Photos, music unite to form masterpiece
Put simply, this is an aural and visual treat – a two-disc box set that combines the photographic excellence of brilliant cameraman Herman Leonard and the enormous talents of some of jazzdom’s brightest stars.
How does it all work? The book that accompanies the discs contains 35 full-page photos and insightful commentary about each of the musicians featured in the collection. The text is supplied by noted writer and longtime jazz fan Ross Firestone. He wrote the splendid “Swing, Swing, Swing: The Life and Times of Benny Goodman,” and rather than going for the obvious, Firestone gives you glimpses of the artists you probably haven’t seen before.
His commentary, coupled with Leonard’s extraordinary work with black-and-white film and the walloping good samples of jazz played by musicians involved deeply in their art, make for an appealing package that spans roughly 20 years of jazz, from the late ’40s through the late ’60s.
The job of overseeing the project fell to Alan Douglas, who along with the invaluable help of Steve Saporta had to match photos with music by the artist.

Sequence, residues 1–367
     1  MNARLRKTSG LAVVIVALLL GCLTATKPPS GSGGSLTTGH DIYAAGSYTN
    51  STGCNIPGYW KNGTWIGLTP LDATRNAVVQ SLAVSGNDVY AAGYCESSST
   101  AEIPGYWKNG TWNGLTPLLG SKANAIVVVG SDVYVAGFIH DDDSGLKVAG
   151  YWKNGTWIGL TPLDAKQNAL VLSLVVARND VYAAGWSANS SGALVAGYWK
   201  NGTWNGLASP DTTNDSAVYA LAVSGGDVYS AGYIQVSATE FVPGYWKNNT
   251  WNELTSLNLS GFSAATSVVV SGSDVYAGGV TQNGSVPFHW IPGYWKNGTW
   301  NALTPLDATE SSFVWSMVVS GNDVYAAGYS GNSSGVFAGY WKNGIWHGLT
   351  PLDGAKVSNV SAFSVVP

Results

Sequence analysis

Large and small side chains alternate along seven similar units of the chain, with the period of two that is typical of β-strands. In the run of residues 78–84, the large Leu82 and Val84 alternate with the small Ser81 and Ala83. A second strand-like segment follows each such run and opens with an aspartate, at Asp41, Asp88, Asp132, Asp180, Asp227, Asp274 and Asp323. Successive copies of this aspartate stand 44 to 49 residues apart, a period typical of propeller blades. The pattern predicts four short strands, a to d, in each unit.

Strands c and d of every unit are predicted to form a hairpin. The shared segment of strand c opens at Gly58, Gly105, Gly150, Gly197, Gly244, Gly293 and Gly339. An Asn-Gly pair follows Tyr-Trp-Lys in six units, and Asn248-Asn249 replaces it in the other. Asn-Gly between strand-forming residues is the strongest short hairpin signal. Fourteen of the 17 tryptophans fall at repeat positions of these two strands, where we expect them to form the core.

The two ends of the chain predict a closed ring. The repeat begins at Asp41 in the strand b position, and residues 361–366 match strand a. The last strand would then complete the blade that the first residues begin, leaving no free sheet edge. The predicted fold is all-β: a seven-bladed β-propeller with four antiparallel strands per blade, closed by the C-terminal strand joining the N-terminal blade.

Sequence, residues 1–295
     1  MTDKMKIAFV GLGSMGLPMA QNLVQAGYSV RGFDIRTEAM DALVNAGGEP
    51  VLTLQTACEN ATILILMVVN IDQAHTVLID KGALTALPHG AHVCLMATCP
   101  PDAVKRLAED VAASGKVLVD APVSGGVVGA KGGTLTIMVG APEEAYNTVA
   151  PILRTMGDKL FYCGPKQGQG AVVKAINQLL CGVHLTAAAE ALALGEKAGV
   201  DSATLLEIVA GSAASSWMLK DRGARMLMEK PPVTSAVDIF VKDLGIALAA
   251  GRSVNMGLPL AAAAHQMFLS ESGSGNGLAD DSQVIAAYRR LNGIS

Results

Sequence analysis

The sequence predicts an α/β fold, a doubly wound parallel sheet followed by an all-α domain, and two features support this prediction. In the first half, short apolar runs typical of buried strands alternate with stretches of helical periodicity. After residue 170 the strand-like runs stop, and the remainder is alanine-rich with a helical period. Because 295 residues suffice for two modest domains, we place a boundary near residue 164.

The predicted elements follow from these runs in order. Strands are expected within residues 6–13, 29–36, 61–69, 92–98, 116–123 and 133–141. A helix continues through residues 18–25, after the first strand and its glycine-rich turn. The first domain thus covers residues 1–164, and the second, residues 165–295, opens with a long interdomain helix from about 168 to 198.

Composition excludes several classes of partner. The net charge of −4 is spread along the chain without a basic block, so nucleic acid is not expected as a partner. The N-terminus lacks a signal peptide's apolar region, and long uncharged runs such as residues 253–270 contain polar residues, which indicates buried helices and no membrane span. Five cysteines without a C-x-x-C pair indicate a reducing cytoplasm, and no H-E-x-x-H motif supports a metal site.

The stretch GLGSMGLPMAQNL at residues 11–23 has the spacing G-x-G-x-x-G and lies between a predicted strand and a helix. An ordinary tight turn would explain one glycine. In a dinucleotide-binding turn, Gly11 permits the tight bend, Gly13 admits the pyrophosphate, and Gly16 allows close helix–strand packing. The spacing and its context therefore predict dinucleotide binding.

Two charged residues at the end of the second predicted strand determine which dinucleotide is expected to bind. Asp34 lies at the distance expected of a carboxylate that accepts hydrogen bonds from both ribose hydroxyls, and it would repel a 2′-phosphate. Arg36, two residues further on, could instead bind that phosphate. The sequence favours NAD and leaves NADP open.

And that resulted in not just one, but a carload of music from different sources, i.e., record companies: RCA, Columbia, MCA, Verve, Capitol and others. So, the diversity of labels means we’re hearing prime-time performances from each of the jazz greats.
Some selections are predictable. A wonderful take of trumpeter Roy Eldridge’s “The Man I Love” and breathy tenor saxist Ben Webster’s reading of “Body and Soul” fit that mold. So do Ella Fitzgerald’s lilting “How Long Has This Been Going On?” and tenorman Sonny Rollins gutsy “St. Thomas.”
However, the collection also offers some items that are a tad out of the ordinary. Namely tenor saxist Lester Young’s performance of “All Of Me,” fairly late in his career rather than, say, the more familiar and earlier “Lester Leaps In.” And baritone saxist Gerry Mulligan is represented by a rousing sextet version of “Broadway” instead of the anticipated “Baubles Bangles and Beads” or “Line For Lyons.”
Each of the artists is a heavyweight, that’s for sure: Duke Ellington plays “Lotus Blossom.” Dizzy Gillespie is heard on “Perdido,” Charlie Parker on “The Song Is You,” Coleman Hawkins on the rarely heard “Me and Some Drums,” Sarah Vaughan on “Embraceable You,” and Thelonious Monk on “Blue Monk.”
And we’re barely touching the tip of the iceberg. There’s a whole lot of other jazz – cool, hot and in between – that’s just waiting to be heard and photography to be admired. It’s yours for the taking.
Cam Miller is a free-lance jazz critic in Lake Wildwood. You may write to him care of The Union, 464 Sutton Way, Grass Valley, 95945.
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